Large-scale algae blooms have returned to the Albemarle Sound, Chowan River, and other northeastern North Carolina coastal waters after being largely absent for almost 30 years.
Coastal scientists are searching for precise causes for the return of these toxic, fish-killing phenomena. Rising nutrient pollution of the state’s estuaries had made algae blooms a serious and widespread problem by the early 1980s. But during that decade, aggressive forward strides in water pollution control brought the problem under control. New controls were implemented on industrial discharges, as well as runoff from development and agriculture.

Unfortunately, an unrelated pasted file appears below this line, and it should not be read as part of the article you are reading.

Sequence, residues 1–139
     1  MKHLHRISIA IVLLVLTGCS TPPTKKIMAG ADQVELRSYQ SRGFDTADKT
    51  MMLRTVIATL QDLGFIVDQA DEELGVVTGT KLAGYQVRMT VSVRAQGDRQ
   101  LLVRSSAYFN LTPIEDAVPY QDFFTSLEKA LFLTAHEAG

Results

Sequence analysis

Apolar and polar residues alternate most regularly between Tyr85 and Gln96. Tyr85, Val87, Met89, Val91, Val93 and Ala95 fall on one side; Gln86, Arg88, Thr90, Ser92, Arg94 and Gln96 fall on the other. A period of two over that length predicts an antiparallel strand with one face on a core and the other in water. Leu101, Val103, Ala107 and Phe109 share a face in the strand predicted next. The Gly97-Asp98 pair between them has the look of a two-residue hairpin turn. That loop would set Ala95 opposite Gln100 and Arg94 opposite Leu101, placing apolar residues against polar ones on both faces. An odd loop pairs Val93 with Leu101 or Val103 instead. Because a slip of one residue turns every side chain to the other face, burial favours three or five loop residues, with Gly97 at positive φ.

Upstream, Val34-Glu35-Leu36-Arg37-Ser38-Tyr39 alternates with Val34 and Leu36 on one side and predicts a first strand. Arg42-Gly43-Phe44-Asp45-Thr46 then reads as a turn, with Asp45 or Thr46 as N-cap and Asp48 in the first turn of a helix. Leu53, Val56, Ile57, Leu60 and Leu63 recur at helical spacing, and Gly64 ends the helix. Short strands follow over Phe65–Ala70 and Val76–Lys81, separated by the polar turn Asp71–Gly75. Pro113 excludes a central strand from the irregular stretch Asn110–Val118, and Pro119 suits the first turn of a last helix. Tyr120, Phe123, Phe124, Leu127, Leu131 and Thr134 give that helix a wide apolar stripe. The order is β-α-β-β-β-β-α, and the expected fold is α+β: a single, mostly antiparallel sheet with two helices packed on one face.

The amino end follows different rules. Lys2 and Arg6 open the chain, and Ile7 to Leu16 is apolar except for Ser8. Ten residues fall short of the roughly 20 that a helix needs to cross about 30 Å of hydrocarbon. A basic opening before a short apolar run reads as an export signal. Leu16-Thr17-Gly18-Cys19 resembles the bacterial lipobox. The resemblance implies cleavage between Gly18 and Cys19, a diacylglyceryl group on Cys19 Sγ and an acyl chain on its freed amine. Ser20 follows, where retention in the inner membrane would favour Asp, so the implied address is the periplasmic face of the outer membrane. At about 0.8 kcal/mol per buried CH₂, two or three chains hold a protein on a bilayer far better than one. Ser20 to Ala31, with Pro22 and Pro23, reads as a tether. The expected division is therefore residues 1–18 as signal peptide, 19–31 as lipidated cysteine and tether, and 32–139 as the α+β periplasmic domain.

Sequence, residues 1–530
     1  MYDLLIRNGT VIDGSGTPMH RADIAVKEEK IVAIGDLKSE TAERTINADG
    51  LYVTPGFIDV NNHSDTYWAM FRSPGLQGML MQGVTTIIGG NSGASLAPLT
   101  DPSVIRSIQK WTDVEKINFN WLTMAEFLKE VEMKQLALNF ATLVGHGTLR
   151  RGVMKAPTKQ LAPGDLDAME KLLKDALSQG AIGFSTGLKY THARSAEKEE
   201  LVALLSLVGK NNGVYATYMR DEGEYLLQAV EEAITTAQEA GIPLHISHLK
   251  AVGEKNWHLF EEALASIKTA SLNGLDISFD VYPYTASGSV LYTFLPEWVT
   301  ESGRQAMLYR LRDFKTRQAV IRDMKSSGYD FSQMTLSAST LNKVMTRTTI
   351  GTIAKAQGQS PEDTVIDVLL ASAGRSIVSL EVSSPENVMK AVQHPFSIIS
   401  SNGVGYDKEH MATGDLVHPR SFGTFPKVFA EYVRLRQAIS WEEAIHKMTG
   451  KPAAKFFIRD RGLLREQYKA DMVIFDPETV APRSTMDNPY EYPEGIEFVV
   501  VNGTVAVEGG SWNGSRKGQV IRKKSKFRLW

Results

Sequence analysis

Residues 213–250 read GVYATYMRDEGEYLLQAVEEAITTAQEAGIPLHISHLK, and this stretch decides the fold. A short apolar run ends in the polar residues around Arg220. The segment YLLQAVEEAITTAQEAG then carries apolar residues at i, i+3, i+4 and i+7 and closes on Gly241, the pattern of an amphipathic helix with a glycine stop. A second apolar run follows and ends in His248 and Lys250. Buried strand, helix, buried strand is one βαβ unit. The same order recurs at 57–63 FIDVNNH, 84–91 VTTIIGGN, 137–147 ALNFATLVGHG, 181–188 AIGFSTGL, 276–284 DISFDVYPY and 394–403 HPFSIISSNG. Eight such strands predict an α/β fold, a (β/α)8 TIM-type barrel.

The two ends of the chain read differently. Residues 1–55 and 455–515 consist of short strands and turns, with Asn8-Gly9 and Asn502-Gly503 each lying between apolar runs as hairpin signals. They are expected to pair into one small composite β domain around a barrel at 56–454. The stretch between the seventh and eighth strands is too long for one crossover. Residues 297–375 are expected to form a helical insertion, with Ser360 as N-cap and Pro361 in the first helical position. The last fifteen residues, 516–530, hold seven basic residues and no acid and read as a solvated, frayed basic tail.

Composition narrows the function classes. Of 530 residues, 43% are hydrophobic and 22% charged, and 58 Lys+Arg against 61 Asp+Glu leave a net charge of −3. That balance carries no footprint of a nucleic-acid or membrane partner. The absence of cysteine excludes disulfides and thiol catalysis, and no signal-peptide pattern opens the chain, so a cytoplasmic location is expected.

Theories for why the problem is returning now focus on the possible reoccurring increase in polluted runoff, as well as increased heat and storms associated with climate change. Thus far, funding for needed research and analysis on the causes of the blooms has not been forthcoming.
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